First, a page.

Black Elk was, as Jackson writes, “nothing if not adaptable.”  There were good years when cattle prices were high.  But prosperity didn’t last.  He lost his eyesight.  Tuberculosis ripped through his family, killing wives and children.  Instead of Neihardt’s visionary tied to a vanishing west and a vanished people, Jackson gives us a modern man working his way through the obstacles of the 20th century.  

Preserving his culture and communicating the complex spiritual vision that had shaped his life were Black Elk’s abiding concerns.  In Jackson’s telling his determination to preserve his culture and communicate his vision provided a motive for everything Black Elk did.  When the US government prohibited traditional native ceremonies and dances, Black Elk performed with Buffalo Bill and danced for twentieth-century tourists, adapting beliefs and cultural practices to modern venues.  His controversial conversion to Catholicism gave him a chance to develop syncretic spiritual ways.  Whether as a traditional medicine man or Catholic catechist, Black Elk worked to save his people.

And according to Jackson, Black Elk’s conversations with Neihardt were part of his strategy to preserve and perpetuate Lakota culture.  Over the years, critics have questioned Neihardt’s motives and wondered at the authenticity of the stories he told.  Jackson dismisses the doubters, insisting that the book was a collaborative project and explaining that Black Elk spoke to Neihardt knowing that the poet’s book would give voice to his spiritual vision.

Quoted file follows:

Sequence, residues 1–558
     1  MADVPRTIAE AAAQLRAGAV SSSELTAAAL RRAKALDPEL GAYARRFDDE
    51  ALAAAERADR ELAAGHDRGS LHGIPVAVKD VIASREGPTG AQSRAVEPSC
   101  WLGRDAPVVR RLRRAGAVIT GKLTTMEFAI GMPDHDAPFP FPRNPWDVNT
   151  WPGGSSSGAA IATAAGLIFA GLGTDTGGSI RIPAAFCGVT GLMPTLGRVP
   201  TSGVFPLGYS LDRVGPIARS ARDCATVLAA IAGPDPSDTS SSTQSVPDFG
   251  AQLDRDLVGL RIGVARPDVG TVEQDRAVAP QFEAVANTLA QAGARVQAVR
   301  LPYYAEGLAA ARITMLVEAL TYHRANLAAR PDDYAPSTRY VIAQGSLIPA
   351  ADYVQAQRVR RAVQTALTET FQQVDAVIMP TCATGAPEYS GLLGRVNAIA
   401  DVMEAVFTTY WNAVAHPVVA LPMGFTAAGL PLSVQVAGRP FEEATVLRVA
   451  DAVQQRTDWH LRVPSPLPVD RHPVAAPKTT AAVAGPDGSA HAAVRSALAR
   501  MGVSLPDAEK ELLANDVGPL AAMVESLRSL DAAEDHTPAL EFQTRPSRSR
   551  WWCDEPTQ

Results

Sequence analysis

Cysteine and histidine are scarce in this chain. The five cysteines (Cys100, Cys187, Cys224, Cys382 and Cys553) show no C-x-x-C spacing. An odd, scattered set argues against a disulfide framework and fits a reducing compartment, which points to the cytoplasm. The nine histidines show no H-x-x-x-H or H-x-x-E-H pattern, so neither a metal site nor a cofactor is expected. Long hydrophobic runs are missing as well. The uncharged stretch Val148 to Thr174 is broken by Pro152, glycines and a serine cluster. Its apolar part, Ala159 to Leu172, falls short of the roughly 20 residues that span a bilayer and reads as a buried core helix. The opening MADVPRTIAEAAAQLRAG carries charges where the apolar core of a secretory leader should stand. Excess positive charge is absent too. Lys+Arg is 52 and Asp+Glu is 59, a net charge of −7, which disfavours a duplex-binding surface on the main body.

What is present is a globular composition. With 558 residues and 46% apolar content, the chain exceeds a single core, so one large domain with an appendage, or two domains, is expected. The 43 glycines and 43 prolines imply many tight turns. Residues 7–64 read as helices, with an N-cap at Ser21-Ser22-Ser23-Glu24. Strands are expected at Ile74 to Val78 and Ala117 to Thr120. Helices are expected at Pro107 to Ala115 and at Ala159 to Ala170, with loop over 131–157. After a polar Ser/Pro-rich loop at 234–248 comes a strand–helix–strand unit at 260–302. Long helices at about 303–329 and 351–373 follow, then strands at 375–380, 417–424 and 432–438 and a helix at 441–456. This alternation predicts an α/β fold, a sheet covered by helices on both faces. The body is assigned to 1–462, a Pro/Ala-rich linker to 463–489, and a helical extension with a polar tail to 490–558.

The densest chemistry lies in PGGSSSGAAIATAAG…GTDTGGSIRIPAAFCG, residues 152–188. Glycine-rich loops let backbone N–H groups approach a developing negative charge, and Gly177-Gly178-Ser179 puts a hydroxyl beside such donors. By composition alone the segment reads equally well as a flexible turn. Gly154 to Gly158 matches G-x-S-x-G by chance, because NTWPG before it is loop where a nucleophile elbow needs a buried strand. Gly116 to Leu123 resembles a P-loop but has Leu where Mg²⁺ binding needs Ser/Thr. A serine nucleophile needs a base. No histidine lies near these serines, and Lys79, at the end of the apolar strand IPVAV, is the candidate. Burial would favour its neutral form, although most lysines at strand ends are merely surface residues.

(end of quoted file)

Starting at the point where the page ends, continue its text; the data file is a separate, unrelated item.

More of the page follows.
Hurried readers might sometimes tire of Jackson’s detail, but his research has rewards, shifting in subtle ways the stories we thought we knew.  In an “Author’s Postscript” published in Black Elk Speaks, Neihardt described a trip he took with Black Elk to Harney Peak.  Long days of interviews over, Black Elk asked Neihardt to drive him to the mountain.  In his vision, the Six Grandfathers had taken him there, but he had never climbed the mountain on his own.  

Black Elk and his son, along with Neihardt and his daughters, headed to the Badlands. They took in a movie along the way, but Black Elk’s goal was to meet his spiritual mentors once more.  “He’d prepared in advance for this address to the gods,” Jackson writes.  “In his Vision, he’d been naked except for his breechclout, his body painted red, the color of the right road.  But the girls were there and he didn’t want to embarrass them, so he stepped behind an outcrop and a few minutes later emerged wearing a bright red union suit commonly called long johns.  Over that he wore a black or dark blue breechclout, trimmed in green, and on his feet high stockings and beaded moccasins.” Thunder rumbled in the distance and a small cloud brought the shower he’d predicted.

Black Elk must have been a patient man, guarding his vision as he let time move slowly through his 87 years.  He was certainly a remarkable one.  Despite Governor Daugaard’s misgivings, we should be happy to give Black Elk’s name to the mountain where he faced the rain in his red union suit. 

Ann Fabian is an American historian working on a book about herpetologist Mary Cynthia Dickerson.